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Science Projects Sun Jul 09 2017 08:00:50 GMT+0000 (UTC)
WHERE THE PARTY'S AT -- In the summer of 1987, the Atari magazine ST-Log caried a piece entitled “Atari Sets Off Fireworks!”, a profile of the use of Atari computers in professional firework displays by Astro Pyrotechnics, a now-defunct California compan
Time can be calculated using the azimuth of the sun (aka solar time). Based on this idea, Tinkerman has built an unusual project called Solr. The concept is to translate the position of the sun into time presented on a vintage display. This new digit
This video is amazing! It shows an assembly plant in Lawrence, Indiana that was responsible for bringing the Regency TR-1 transistor radio to market, using boards and components manufactured at other locations across the nation at that time. This is
JohnnyQ90 shows some simple tricks for making homemade sanding discs for rotary tools. Whether your project consumes more sanding discs than you have available or you simply want to create custom discs for a specific purpose, these tricks will show y
Ok, so you want a radio — but not just any radio. It has to be wireless, access a variety of music services, and must have a vintage aesthetic that belies its modern innards. Oh, and a tiny screen that displays album art, because that&#
Huh, neat! Tips for adding a Yagi antenna to wifi routers and equipment. It’s easy to make a small Yagi for a wireless router even if it lacks an antenna connector. The photo shows how I added two parasitic elements to the sleeve dipole of
This week I talk about my arcade button controller box. Update to the Guardian robot with servo and LED. Pedro flies his new DJI Spark drone in the studio and we barely got through the show. Live shows FTW! Hang out with Noe & Pedro Ruiz and
Stumbled upon this post over at Public Lab that shows various solutions for mounting various cameras to various balloons. There’s a lot of variables involved, obviously! If you plan on conducting some photo rigging citizen science you might
What do you get when you mix the disappointment that sometimes accompanies cheap Chinese electronics with the childhood fascination of torturing insects with a magnifying glass on a sunny day? You get a solar-powered CNC etcher, that’s what
Our long-suffering kitchen scale lost a pair of feet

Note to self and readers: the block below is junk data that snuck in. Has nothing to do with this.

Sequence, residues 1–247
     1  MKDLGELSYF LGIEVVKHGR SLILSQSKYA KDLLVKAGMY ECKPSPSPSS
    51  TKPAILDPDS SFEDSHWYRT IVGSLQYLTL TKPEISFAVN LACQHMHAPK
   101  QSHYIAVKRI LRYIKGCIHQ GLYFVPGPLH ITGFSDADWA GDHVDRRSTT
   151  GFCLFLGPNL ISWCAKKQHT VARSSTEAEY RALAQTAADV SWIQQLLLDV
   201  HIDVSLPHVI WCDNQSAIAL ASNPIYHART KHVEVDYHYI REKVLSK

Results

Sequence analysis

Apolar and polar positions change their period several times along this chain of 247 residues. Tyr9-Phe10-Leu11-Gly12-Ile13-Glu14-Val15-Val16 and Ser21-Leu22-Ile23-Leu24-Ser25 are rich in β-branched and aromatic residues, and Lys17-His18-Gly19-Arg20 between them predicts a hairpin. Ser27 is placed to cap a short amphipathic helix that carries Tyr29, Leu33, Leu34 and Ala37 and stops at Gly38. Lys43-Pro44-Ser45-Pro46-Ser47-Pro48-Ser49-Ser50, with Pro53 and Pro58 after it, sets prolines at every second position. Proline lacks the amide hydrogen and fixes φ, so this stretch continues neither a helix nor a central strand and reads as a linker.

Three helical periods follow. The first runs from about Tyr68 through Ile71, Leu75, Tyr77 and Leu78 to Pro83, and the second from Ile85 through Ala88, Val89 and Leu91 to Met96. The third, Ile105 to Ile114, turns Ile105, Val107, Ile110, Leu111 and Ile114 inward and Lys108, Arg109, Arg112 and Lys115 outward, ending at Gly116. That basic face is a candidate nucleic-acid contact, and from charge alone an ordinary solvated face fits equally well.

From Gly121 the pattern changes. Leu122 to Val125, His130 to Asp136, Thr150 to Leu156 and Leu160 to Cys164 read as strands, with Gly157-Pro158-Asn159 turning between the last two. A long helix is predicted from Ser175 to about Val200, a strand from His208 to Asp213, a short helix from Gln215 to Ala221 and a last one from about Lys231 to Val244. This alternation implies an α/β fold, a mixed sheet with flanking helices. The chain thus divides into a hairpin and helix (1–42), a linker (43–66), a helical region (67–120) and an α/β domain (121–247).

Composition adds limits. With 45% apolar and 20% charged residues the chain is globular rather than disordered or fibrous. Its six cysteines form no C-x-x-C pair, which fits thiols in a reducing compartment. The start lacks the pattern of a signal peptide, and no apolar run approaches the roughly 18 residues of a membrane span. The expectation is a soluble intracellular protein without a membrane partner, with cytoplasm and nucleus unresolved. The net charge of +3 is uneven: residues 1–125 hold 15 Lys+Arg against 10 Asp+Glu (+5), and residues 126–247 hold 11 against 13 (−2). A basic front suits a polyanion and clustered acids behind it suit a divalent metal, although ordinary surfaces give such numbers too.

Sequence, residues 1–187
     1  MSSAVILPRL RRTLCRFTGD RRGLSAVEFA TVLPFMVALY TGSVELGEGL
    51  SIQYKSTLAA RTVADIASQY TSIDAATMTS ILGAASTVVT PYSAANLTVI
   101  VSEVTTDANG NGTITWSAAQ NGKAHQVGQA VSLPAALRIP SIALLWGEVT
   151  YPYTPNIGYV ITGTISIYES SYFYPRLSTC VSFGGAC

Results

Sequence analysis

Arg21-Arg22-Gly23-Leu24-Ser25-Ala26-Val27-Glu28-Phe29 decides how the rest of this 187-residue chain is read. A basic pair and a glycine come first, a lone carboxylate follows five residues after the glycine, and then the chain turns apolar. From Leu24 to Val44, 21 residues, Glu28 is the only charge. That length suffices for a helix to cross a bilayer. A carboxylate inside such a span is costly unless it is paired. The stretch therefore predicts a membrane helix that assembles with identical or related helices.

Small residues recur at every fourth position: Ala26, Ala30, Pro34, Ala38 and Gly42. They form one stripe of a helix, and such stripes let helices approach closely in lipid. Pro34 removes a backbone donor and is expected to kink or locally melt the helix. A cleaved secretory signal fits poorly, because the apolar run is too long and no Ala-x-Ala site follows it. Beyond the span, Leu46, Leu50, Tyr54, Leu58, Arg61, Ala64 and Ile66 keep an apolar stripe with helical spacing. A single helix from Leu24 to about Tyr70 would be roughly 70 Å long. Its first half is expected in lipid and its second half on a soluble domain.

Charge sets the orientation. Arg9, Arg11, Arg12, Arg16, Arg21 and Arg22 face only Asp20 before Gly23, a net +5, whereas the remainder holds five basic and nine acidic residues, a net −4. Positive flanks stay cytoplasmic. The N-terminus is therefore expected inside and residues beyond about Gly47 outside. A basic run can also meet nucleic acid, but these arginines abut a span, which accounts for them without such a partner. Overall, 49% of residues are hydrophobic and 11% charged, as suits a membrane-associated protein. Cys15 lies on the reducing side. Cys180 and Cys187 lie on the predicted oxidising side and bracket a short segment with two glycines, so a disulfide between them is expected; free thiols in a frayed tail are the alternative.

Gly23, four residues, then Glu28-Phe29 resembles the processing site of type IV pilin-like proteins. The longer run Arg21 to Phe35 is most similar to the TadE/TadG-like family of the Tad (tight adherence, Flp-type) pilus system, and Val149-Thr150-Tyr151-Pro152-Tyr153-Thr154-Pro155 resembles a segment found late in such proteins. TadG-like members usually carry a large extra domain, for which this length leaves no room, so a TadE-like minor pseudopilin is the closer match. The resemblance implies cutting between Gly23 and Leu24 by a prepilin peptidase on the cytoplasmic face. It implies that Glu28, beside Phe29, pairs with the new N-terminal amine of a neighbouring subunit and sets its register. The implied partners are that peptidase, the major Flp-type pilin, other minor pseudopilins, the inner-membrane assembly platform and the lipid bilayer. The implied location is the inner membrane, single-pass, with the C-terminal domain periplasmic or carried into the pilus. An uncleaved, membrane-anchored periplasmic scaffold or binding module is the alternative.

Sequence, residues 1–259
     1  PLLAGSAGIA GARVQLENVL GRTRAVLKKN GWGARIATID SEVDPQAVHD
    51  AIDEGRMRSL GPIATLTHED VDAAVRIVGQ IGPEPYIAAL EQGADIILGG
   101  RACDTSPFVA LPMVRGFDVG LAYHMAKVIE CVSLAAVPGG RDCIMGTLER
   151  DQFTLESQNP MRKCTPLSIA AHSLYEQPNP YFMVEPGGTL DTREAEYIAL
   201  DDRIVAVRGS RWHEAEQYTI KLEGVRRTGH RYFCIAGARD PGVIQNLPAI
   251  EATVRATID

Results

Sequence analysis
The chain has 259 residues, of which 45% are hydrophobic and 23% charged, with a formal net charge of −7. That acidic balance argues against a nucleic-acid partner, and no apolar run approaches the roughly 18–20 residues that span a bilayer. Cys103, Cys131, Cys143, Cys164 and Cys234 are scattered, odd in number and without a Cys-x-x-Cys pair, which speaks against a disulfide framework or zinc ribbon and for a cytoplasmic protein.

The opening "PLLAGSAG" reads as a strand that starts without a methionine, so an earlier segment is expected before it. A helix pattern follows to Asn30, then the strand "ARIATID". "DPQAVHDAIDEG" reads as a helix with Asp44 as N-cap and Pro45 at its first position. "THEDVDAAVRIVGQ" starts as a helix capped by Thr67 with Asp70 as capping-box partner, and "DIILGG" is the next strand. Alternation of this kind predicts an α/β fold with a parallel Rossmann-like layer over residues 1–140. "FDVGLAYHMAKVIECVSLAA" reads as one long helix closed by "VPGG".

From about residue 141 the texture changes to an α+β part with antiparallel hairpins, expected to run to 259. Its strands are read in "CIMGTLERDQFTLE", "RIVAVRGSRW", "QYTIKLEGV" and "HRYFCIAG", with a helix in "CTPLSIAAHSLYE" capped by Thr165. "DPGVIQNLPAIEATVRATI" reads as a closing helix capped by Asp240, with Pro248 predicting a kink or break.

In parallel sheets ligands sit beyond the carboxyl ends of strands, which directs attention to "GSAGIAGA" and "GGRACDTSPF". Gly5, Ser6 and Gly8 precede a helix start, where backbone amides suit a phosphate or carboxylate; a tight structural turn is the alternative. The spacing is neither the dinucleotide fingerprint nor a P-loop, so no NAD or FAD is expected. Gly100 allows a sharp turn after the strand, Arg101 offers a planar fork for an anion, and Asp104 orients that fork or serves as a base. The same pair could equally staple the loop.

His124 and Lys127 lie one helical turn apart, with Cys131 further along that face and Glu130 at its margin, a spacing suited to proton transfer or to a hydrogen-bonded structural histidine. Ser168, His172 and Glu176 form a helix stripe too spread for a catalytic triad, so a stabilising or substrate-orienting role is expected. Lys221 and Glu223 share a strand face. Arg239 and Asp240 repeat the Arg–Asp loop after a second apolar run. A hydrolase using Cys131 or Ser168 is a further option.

[Sebastian Foerster] hasn’t been at his blog in a while. He and his wife just had twins, so he’s been busy standing waiting for formula or milk to warm up. Being a technical kind of guy, he took a look at the tools currently on th
How quickly would you say yes to being granted the power to control lightning? Ok, since that has hitherto been impossible, what about the lesser power of detecting and tweeting any nearby lightning strikes? Tingling at the possibility of connecting
In what may be the strangest retrocomputing project we’ve seen lately, you can now access a virtual 6502 via Amazon’s Lambda computing service. We don’t mean there’s a web page with a simulated CPU on it. That&
[Radu Motisan] Has entered a cool project into the Best Product portion of this year’s Hackaday Prize. It’s called an Open Source IoT Dosimeter. It has a Geiger tube for detecting radiation levels along with Internet connectivity
With so many ways to capture images from paper, do we really need another one? Especially one that takes 15 minutes to capture a 128×128 pixel image? Probably not, but building a single-pixel RGB scanner is pretty instructive, and good clean
If you’ve ever looked at the server logs of a computer that lives full-time on the Internet, you know it’s a rough world out there. You’ll see hundreds of attempts per day to break in to your one random little box. Are y
[Frank Howarth] has a shop most woodworkers would kill for, stuffed with enough tools to equip multiple hackspaces — four radial-arm saws alone! But while the CNC router in the middle of the shop, large enough to work on an entire sheet of
In the 1950s, a nuclear-powered future seemed a certainty. The public had not been made aware of the dangers posed by radioactive material, any large-scale accidents involving nuclear reactors had either been hushed up or were yet to happen, and indu
[Martin Raynsford] is a prolific project maker, especially when it comes to using a laser cutter. These laser-cut token counters for the board game Tigris & Euphrates demonstrate some clever design, and show that some simple touches can make
If there’s a chemical with a cooler name than “fuming nitric acid,” we can’t think of it. Nearly pure nitric acid is useful stuff, especially if you’re in the business of making rocket fuels and explo